I usually never pay attention to the websites created to promote a movie, but I found myself positively enjoying the one made for 映画 ホタルノヒカリ, better known internationally as “Hotaru The Movie: It’s Only A Little Light In My Life”. You can visit it here.
They visibly put a lot of effort, down to little details. I love the gorgeous picture welcoming us, including the messy suitcase full of Hotaru’s trademark jerseys.
But the thing that tickles my pun-loving self? The tagline: 干物花婿ゴロゴロ~マ! Which more or less means “The Himono bride rolls to Roma!” Weeeell, now that I’m trying to translate it, I can see that it loses its flavor, since the pun plays with the sound 「ゴロゴロ」- Goro Goro, an onomatopoeia referring to something rolling, and whoever watched Hotaru no Hikari will remember how Hotaru loves to roll around the house saying “Goro Goro”.
They mixed the last “Ro” of “Goro Goro” with “Roma”, where the movie takes place. Is it silly? Yes, and that’s why I’m lovin’ it.
I’ve seen the BTS of this sequence, and besides feeling sorry for actress Ayase Haruka who certainly got some bruises rolling down the Spanish steps, it was hilarious to see the crew dashing in and out of an ice cream shop to hand brand new cones to actor Naohito Fujiki, since it took only seconds for them to melt in his hands! Wait, Naohito being associated with melting is only logical…
SO, the website develop interaction with its visitor on a different level than, say, the usual simple site offering a trailer and some pictures. Here, I enjoyed my visit, or should I say my exploration, thanks to some interactive features.
Take「ジャージ占い」- Jersey Uranai (The Jersey’s Fortune-Telling). Once you open the page, a cuuuuute anime version of Hotaru asks you to click on an even cuter “Himono-chan” (can you guess what it is? No, it’s not a heart, and here‘s a picture of the real thing. Japanese are really gifted to turn something gross into a cute mascot).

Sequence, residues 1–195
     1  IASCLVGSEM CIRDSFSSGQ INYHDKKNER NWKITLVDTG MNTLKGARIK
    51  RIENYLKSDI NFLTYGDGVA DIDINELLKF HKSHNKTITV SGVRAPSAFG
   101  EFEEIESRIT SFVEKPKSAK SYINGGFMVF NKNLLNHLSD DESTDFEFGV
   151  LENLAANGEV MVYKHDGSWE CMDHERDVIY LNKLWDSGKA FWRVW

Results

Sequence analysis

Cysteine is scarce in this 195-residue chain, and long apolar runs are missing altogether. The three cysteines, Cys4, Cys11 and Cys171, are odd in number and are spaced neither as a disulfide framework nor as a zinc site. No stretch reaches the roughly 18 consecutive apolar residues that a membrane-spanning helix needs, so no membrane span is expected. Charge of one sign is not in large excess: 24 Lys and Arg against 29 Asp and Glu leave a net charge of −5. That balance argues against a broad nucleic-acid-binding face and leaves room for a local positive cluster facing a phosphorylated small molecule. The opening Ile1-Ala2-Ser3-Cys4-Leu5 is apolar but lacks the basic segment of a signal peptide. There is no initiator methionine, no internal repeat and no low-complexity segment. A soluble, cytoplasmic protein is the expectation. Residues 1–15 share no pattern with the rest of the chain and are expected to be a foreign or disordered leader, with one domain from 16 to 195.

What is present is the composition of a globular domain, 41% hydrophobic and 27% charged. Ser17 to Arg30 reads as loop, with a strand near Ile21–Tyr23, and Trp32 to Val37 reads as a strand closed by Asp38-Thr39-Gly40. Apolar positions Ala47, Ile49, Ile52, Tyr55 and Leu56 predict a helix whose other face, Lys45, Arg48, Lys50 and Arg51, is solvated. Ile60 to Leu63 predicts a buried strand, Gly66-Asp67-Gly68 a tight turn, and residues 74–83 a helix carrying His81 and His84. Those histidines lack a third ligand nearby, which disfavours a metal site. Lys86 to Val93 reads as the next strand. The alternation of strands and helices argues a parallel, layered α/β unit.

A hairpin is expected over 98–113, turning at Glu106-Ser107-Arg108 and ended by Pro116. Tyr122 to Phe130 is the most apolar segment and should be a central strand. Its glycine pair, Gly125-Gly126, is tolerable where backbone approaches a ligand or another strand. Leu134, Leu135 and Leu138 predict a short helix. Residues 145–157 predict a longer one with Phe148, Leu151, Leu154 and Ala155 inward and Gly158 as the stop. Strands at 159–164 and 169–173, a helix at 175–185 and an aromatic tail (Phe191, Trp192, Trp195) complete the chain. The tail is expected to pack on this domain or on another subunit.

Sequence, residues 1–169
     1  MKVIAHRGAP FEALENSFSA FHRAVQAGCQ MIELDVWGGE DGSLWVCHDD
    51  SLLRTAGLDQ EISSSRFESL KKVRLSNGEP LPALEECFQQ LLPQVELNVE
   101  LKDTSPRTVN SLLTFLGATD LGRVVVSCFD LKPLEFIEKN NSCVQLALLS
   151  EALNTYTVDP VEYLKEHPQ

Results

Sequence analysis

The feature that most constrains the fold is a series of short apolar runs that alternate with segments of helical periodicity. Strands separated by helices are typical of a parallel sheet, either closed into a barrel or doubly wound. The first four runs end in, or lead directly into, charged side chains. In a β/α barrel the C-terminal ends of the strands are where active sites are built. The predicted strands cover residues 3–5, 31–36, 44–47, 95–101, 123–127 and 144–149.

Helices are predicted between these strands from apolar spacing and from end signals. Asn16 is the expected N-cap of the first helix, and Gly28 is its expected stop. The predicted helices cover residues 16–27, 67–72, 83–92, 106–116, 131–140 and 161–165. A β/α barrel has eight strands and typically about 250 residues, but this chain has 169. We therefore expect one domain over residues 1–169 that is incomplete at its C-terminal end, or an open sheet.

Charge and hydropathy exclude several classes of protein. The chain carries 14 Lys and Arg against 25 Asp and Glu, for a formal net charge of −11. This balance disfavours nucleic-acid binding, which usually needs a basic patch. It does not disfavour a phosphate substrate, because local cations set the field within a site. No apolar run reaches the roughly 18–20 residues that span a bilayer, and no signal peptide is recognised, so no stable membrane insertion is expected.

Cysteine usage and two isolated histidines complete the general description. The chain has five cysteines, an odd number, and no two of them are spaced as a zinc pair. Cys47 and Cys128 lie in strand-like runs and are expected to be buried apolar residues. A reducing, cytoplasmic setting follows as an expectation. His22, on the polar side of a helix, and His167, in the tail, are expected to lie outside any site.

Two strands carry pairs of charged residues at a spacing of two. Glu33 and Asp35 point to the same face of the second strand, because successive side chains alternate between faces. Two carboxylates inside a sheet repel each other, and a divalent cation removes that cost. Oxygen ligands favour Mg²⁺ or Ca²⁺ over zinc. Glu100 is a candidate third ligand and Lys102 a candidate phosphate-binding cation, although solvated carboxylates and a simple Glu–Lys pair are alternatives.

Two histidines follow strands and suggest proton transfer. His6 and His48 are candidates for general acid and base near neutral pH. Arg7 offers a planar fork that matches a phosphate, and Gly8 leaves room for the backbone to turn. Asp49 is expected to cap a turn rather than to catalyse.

Let’s see the one for Light Blue, so you can see how it works:
It says: 積極的に行動するとラッキーな予感。ジャージを脱いで、外に出てみよう！which I can roughly translate as “An assertive behaviour and a lucky premonition. Take off your jersey and let’s head outside!”
I suppose it’ll be more fun for those who master or learn Japanese, but one can also try to get his/her favorite Himono-chan and make an avatar out of it!
On the contrary, the facebook app letting fans post 「川柳」- Senryu (a comic version of Haiku) would hardly entertain those not speaking the language.
I suggest you skip it to see the map listing the key spots for our couple in Roma. As says Audrey Amemiya, just click on the pink icons to reveal the pictures.
I think that’s a pretty cool way to engage the viewer in the “let’s see the pictures” part. It cleverly plays with the distinctive elements of the movie and recreates its atmosphere, involving the viewer in the process.
And for those wondering how far they walked down the Himono road, time to test your Himono-ness with the special quiz.
Here’s a sample: On a day off, rather than going out, I prefer staying at home to sleep. YES – NO.
It’s easy to notice that I really enjoyed the contents, and will pin this website as a good example of a successful marketing strategy, in the way it associates the viewer with the movie it promotes. The blog created for this occasion, though simple in its form, provides me with a very relevant picture.
When the Himono Onna style is being encouraged this way, no one can resist. Santé!